- use DMARDs early - disease modifying anti-rheumatic drugs:
- surgery for soft tissues and jts
- helping the pt manage:
PT, OT, bracing
support groups


nonpharm tx for RA?

- heat/cold
- orthotics and splints
- therapeutic exercise


Tx for acute pain in RA?

- when first seen or during a flare
pain relief- OTCs
aspirin, ibuprofen, naproxen
(GI and CV side effects)
- glucocorticoids:
usually systemic (mult jts):
- part of feedback of immune system, turns activity down, also have metabolic effects, can also effect arousal and cognition
Adverse effects:
hyperglycemia, skin fragility, osteoporosis, wet gain, adrenal insufficiency, muscle breakdown, euphoria, glaucoma


DMARDs used in RA?

- early use = better results
- no common MOA:
interfere w/ immune response, serious SEs
- nonbiologic agents:
methotrexate, sulfasalzine, leflunomide
hydroxychloroquine, cyclosporine, gold salts, azathioprine
- biologic agents: macromolecules, genetic engineering:
TNF inhibitors, entanercept (Enbrel), infliximab (Remicade), Adalimumab (Humira)


MOA of methotrexate? Adverse effects? CIs?

- antimetabolite that inhibits purine biosynthesis: essential to rapidly proliferating cells
- MC used DMARD: also used for cancer tx, terminating pregnancies
- Adverse effects:
ulcerative stomatitis, leukopenia, predisposition to infection, nausea, abdominal pain, fatigue, fever, dizziness, pneumonia, pulmonary fibrosis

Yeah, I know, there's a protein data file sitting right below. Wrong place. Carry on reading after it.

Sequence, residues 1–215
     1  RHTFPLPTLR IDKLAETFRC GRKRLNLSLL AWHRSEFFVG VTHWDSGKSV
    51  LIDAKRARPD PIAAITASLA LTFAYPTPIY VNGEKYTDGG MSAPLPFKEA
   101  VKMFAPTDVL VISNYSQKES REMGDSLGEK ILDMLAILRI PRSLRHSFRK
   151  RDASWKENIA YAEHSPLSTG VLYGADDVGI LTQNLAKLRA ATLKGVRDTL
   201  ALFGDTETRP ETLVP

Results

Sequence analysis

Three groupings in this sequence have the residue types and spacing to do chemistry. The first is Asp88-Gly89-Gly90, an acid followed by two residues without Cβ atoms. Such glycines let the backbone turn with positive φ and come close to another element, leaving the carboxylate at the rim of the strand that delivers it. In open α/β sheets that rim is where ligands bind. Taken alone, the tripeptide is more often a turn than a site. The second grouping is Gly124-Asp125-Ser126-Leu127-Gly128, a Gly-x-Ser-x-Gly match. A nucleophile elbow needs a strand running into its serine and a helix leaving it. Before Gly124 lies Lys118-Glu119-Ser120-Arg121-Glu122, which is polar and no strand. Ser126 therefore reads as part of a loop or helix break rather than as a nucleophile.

- CIs:
renal dysfxn, pregnancy or possible pregnancy


Surgery for RA?

- soft tissue procedures:
synovectomy, tendon repairs, removal of nodules
- jt procedures:
total jt replacements, fusions


What is Gout?

- characterized by painful jt inflammation in the first metatarsophalangeal jt
- dx criteria from ACR
- one of the MC arthropathy: affects more than 8 mill Americans


PP of Gout?

- precipitation of monosodium urate crystals in jt space
- overtime jt space is damaged
- tophi may also form in the jt space (pathognomonic for gout)
- first metatarsophalangeal jt MC affected - podagra
- decreased excretion
- increased production
- increased purine intake


RFs for gout?

- increass w/ age
- female sex hormone increases urinary excretion of uric acid (protective factor)
- alcohol (beer)
- meat
- seafood


Clinical presentation of gout?

- severe pain
- redness/warmth
- swelling/disability
- onset more at night
- overlying skin becomes tense


Dx gout?

- clinical criteria
- synovial fluid analysis: needle shaped negative birefringent urate crystals
- elevated serum urate level
- x-rays


Tx for acute gout?

- resolve in a few days to weeks
- NSAIDs usually 1st choice: early use of naproxem or indomethacin can be helpful, beware of GI and CV effects
- colchine: main Rx for yrs -
derived from plants, known in antiquity, inhibits mitosis, low dose regimens effective w/ fewer SE. GI upset, neutropenia, peripheral neuropathy, don't use IV, serious even fatal SEs
- glucocorticoids:
intraarticular: injections often quickly resolve sxs
oral: mult jts and can't use NSAIDs or colchicine


Tx for hyperurecemia?

- reduced intake of purines (diet)
- xanthine oxidase inhibitors: allopurinol: